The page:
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Thursday, June 30, 2011

Climate change: How it is going to affect viticulture in the Douro Valley

 When dealing with climate change, natural climate variations should never be discarded. There is “climate variability”, which is the change in the weather behavior at a certain location from time to time. However, climate change due to human activities is happening and will have a large impact and many implications everywhere on the planet. The world’s major wine-producing countries – Italy, France, Spain, USA and Australia – are all at risk. Vines are extremely sensitive to the numerous changes associated with climate change, but this paper will have the subject under a microscope and only discuss how it’s going to affect viticulture in the Douro Valley (and it assumes a ‘business as usual’ approach). This discussion is about what needs to be done in a scenario where the temperatures are higher (with an increase in frequency of extremely hot days), the droughts are more severe, and there’s increased surface evaporation. Efforts need to be made to keep viticulture and winemaking viable and profitable in this traditional wine region.
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Kent Benson said...

You did a very nice job identifying possible solutions. Was that something you were required to do as part of your MW candidacy, or was it just a practice exercise for the exam?

I’m curious about your position concerning the claim that global warming can be attributed to human activity. You said, “…climate change due to human activities is happening and will have a large impact and many implications everywhere on the planet.”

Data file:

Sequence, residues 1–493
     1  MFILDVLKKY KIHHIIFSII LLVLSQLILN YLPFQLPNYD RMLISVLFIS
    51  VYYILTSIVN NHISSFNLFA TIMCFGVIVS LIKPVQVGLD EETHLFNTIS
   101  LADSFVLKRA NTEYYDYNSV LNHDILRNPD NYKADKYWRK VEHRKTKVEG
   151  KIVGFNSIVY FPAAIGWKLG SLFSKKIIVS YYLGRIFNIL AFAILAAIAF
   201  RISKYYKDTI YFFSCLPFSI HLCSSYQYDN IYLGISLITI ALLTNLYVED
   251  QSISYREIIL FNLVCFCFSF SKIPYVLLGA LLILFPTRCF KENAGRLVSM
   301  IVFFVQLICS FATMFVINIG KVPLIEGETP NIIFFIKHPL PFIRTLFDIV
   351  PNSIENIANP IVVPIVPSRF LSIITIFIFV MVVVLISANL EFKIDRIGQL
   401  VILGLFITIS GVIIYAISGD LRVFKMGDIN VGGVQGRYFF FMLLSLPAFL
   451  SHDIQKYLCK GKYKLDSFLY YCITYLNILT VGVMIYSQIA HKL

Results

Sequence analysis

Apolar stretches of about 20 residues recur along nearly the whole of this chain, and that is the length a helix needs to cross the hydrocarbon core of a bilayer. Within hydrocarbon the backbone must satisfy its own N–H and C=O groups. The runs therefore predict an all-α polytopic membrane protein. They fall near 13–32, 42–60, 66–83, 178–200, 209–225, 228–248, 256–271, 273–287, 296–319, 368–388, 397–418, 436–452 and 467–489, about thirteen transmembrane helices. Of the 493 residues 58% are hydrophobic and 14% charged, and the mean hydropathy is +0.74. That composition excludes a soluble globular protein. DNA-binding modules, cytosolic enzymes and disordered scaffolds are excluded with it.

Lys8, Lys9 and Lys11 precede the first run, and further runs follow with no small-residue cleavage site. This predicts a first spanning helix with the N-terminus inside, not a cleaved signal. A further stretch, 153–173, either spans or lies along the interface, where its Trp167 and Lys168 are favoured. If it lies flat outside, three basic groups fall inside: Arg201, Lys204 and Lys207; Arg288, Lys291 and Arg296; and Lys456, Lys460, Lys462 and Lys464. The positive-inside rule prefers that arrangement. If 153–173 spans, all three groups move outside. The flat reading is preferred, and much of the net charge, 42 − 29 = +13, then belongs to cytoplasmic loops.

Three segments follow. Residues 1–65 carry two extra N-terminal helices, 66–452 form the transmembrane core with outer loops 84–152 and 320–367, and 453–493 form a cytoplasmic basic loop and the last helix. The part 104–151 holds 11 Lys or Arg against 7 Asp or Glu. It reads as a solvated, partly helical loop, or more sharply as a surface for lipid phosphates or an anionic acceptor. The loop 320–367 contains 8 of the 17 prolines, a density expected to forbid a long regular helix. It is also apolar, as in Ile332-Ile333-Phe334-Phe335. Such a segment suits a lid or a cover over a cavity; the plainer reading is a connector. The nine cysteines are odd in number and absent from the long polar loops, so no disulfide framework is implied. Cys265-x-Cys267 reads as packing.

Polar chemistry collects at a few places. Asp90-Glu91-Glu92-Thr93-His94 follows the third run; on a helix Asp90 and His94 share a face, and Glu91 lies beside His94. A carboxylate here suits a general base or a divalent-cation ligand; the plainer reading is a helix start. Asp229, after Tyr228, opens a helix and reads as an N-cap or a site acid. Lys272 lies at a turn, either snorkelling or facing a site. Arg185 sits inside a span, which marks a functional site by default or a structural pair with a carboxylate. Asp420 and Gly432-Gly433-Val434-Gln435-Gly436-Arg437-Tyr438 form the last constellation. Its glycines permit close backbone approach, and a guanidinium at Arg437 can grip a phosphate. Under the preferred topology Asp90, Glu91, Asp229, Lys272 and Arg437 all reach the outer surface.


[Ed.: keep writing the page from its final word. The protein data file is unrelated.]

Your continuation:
A few years ago, I had to write an article on global warming for my local editorial page, so I did a good bit of research in an effort to judge the merits of the man-made global warming argument for myself. After a lot of reading, I concluded there was very little if any validity in the man-made global warming claim. Since then, I have run across even more reasons to be skeptical.

Based upon the above quote, your use of the quote from Pancho Campo, and your subsequent remarks, it seems you have arrived at a different conclusion.

Most people who are sounding the alarm about global warming advocate drastic measures to avoid disaster. I sometimes wonder if these measures might cause a disaster rather than avert one.

What if carbon emissions have nothing to do with global warming? What if the earth begins to cool again, as many claim it has been doing for the last decade? If vineyards are changed over to later-ripening grapes and expositions are altered, a cooling trend could be just as devastating as continued warming.

If I were a viticulturalist, I would be taking much more of a wait-and-see approach. I would be more inclined to and wait to react to any further warming trends should they occur, even if it meant a delay in adjusting to a warmer, “normal” climate, rather than risking time and money by acting now on a future which cannot possibly be predicted.

Any thoughts?

Bachelor of Viticulture and Winemaking said...

Hi Kent, if you could post up your article I would be happy to respond to it and highlight the validity in the argument in favour of human-induced climate change. I am afraid there is no question in a shadow of a doubt that current climate change is human-induced and I would love the opportunity to convince you of this.